Drug Offenses are some of the most common criminal offenses in Virginia. Convictions of these criminal offenses often result in a criminal record and cause major disruptions in a person’s life. In fact, just the mere accusation of possessing any controlled substance or possessing with the intent to distribute results in expulsion from or termination a job.
From simple marijuana possession to possession with intent to distribute heroin; drug offenses are serious. Therefore, if convicted, you are looking at the potential of jail, high fines, lose of your drivers license, loss of federal education loan benefits, and loss of government subsidies.
However, despite harsh Virginia drug laws, important statutes exist that, if applied properly, help you beat a drug charge. It’s surprising how many lawyers don’t know these statutes and how to apply them.
Therefore, Dischley Law’s Attorneys can save you from the possible deleterious affects a drug conviction can have on your family and livelihood!. Lawyers well versed in drug offenses can mitigate and potentially beat your Virginia drug offense.
Challenging Drug Offenses in Virginia involves the following:
- The Stop: A careful look at the initial interaction with law enforcement and its validity.
- The Search: An in depth analysis of the constitutionality of the search that lead to the recovery of the substance.
- Statements: Were the statements voluntarily given, the result of a knowing and intelligent waiver of Miranda, or covered by some exception.
- Possession: Actual or Constructive – was the substance found on the person or close enough to the person that they could exercise dominion and control.
- Knowledge: Consider whether the possession was knowingly and intentional. A person must know the nature and character of the substance.
- Analysis of the Substance: How was the substance initially analyzed to determine what classification it is. Field test or sent to lab.
- Ensuring all rights protected. DC-304 is a form that must be provided to the defendant informing him or her of the right to have the substance analyzed by the lab if the substance is marijuana.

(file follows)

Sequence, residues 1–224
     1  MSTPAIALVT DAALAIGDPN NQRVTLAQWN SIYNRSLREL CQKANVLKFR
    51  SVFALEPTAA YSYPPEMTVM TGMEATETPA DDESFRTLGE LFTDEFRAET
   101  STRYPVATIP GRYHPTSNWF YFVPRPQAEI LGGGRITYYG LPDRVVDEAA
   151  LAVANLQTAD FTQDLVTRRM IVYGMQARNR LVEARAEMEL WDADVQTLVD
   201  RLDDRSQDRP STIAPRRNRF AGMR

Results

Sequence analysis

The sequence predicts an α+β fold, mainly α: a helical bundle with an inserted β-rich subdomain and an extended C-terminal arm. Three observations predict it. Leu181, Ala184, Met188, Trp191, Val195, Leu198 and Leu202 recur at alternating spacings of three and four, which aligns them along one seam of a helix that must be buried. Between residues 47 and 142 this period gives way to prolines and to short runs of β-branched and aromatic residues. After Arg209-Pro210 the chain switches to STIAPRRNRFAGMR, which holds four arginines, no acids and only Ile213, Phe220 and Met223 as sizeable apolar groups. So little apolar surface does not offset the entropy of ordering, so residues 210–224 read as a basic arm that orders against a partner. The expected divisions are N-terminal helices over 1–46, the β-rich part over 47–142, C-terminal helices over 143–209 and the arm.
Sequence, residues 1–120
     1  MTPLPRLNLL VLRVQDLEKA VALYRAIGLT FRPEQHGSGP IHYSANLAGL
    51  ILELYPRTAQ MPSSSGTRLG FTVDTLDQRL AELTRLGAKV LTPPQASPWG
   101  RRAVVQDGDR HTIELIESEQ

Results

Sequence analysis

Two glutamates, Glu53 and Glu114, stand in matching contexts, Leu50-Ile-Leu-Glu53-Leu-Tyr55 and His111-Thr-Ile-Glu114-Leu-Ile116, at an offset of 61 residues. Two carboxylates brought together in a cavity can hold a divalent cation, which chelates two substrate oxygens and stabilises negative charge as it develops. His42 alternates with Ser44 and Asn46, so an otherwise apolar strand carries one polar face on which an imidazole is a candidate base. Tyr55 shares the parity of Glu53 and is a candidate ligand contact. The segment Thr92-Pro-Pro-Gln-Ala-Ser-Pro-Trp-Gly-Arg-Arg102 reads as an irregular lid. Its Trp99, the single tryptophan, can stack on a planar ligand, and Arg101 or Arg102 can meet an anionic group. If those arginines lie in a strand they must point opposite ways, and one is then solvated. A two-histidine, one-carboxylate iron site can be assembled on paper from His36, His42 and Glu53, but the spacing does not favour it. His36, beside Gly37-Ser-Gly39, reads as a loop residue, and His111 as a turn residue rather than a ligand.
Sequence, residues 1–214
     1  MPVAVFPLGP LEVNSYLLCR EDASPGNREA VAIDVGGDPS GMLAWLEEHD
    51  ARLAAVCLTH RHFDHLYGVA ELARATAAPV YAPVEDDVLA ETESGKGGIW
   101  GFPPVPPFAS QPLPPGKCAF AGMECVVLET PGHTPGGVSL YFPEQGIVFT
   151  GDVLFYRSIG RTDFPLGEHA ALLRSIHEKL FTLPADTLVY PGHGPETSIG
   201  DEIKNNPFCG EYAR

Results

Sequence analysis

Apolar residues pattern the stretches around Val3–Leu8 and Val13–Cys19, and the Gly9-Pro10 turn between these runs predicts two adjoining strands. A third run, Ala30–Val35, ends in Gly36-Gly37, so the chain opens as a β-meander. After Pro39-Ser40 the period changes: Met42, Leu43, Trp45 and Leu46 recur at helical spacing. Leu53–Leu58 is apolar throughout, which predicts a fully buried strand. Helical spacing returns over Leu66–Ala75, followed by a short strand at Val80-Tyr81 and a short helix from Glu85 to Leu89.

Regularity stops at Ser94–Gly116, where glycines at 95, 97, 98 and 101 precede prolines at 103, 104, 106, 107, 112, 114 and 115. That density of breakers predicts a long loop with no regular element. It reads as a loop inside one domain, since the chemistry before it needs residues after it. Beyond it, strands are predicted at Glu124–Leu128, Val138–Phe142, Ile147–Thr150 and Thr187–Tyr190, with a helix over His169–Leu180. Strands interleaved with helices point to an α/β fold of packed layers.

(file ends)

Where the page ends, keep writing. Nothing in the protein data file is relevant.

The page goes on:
What substance have you been charged with possession or distributing? Click below to learn more.
- Prescription Drugs
Despite changing public opinion on the issue, Marijuana is still illegal in Virginia. And the possession, distribution, and manufacture of Marijuana carries serious consequences.
Possession of Marijuana: (§ 18.2-250.1 of the Code of Virginia)
In Virginia, the knowing or intentional possession of marijuana is illegal. A first offense possession of marijuana charge is a Misdemeanor punishable by up to 30 days in jail and a fine not more than $500.00. Therefore, all second and subsequent offenses are punishable as a Class 1 Misdemeanor (up to 12 months in jail and a fine not to exceed $2,500.00). In addition to these penalties and regardless of whether the offense occurred in a motor vehicle, § 18.2-259.1 of the Code of Virginia proscribes a license suspension for a mandatory six months for any conviction of possession of marijuana.
EXCEPTIONS: If a person possesses marijuana that was obtained directly from or pursuant to a valid prescription issued by a doctor in the course of his practice, the possession is lawful. Furthermore, law enforcement officers may possession marijuana when it is necessary for the performance of their duties.
NO PRESUMPTIONS: Virginia law, § 18.2-250.1 specifically states that there is no presumption that a person knowingly or intentionally possessed marijuana merely because a person owns or occupies the premises or vehicle where the marijuana is found.
Knowing your rights before you have the interaction with the police can potentially save you from being charged in the first place – CLICK HERE.
DRUG OFFENSES: PROTECTING YOURSELF
- REMAIN SILENT – This means not answering the police EVER or AT ALL.
- CONSENT TO NOTHING – Do not agree to a search, do not agree to answer questions – agree to nothing.
- KEEP WALKING – If a cop approaches you and says can I ask you a few question, or can I speak to you, or even hello. Say nothing and keep walking. Make him stop you.
WHY? If you have drugs on you, make the officer ‘seize you.’ If the officers orders you to stop, searches you despite you not giving consent, and forces you to make statements under duress or coercion, they need to justify it under the Constitution. If it is not justified, it is not lawful and you WIN. All to often individuals make the case for the officer by consenting and confessing. Do not let this happen to you.
Assertive and successful defenses start the moment the interaction with the officer starts. A lawyer can not win a case for you when you have cooperated fully with law enforcement. With prior law enforcement experience, its hard to give this advice. Most times, you want to strike a balance between being cooperative and protecting yourself. When in doubt, say nothing, agree to nothing, and ask if you can leave. Be polite and do not make the officers job harder than it already is. If he tells you turn around, turn around but only when he ‘orders’ you to do it.